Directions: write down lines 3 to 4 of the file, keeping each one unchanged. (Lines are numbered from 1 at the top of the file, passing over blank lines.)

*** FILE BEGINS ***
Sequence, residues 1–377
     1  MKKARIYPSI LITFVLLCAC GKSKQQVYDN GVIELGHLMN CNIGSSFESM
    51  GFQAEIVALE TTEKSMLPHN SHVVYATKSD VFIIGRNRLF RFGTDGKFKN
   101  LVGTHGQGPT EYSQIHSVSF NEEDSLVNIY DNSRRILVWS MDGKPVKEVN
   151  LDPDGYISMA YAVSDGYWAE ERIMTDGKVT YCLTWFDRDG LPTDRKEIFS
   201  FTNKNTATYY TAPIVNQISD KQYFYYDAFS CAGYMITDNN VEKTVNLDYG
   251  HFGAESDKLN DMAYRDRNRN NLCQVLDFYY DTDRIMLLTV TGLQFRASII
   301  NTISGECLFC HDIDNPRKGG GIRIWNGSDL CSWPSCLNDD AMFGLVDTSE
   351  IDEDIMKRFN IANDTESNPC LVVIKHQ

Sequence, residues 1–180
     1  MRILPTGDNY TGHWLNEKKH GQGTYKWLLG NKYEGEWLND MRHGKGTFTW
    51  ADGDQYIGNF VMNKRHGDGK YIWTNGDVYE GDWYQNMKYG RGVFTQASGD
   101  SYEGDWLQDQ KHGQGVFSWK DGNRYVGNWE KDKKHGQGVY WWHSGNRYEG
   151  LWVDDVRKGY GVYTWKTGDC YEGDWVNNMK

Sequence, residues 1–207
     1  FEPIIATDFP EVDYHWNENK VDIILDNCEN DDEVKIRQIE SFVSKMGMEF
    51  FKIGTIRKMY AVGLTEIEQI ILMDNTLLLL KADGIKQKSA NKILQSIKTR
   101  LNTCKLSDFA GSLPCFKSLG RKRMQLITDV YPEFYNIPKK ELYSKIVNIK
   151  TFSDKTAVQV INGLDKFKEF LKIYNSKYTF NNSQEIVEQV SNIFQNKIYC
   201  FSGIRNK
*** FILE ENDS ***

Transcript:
    51  GFQAEIVALE TTEKSMLPHN SHVVYATKSD VFIIGRNRLF RFGTDGKFKN
   101  LVGTHGQGPT EYSQIHSVSF NEEDSLVNIY DNSRRILVWS MDGKPVKEVN